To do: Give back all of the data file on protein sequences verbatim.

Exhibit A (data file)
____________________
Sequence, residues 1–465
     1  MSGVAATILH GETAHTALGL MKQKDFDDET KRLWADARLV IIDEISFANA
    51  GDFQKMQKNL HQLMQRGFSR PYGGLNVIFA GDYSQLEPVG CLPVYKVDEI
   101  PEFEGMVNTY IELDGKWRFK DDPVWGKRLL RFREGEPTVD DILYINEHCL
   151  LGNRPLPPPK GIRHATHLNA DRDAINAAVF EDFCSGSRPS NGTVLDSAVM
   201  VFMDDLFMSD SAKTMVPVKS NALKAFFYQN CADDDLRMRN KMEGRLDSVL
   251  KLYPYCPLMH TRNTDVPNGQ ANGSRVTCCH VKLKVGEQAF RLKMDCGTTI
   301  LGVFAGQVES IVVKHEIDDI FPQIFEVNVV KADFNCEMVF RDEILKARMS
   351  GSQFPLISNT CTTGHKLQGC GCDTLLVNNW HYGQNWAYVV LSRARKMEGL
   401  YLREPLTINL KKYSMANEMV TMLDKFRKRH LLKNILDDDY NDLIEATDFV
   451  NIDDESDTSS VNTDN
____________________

Sequence, residues 1–465
     1  MSGVAATILH GETAHTALGL MKQKDFDDET KRLWADARLV IIDEISFANA
    51  GDFQKMQKNL HQLMQRGFSR PYGGLNVIFA GDYSQLEPVG CLPVYKVDEI
   101  PEFEGMVNTY IELDGKWRFK DDPVWGKRLL RFREGEPTVD DILYINEHCL
   151  LGNRPLPPPK GIRHATHLNA DRDAINAAVF EDFCSGSRPS NGTVLDSAVM
   201  VFMDDLFMSD SAKTMVPVKS NALKAFFYQN CADDDLRMRN KMEGRLDSVL
   251  KLYPYCPLMH TRNTDVPNGQ ANGSRVTCCH VKLKVGEQAF RLKMDCGTTI
   301  LGVFAGQVES IVVKHEIDDI FPQIFEVNVV KADFNCEMVF RDEILKARMS
   351  GSQFPLISNT CTTGHKLQGC GCDTLLVNNW HYGQNWAYVV LSRARKMEGL
   401  YLREPLTINL KKYSMANEMV TMLDKFRKRH LLKNILDDDY NDLIEATDFV
   451  NIDDESDTSS VNTDN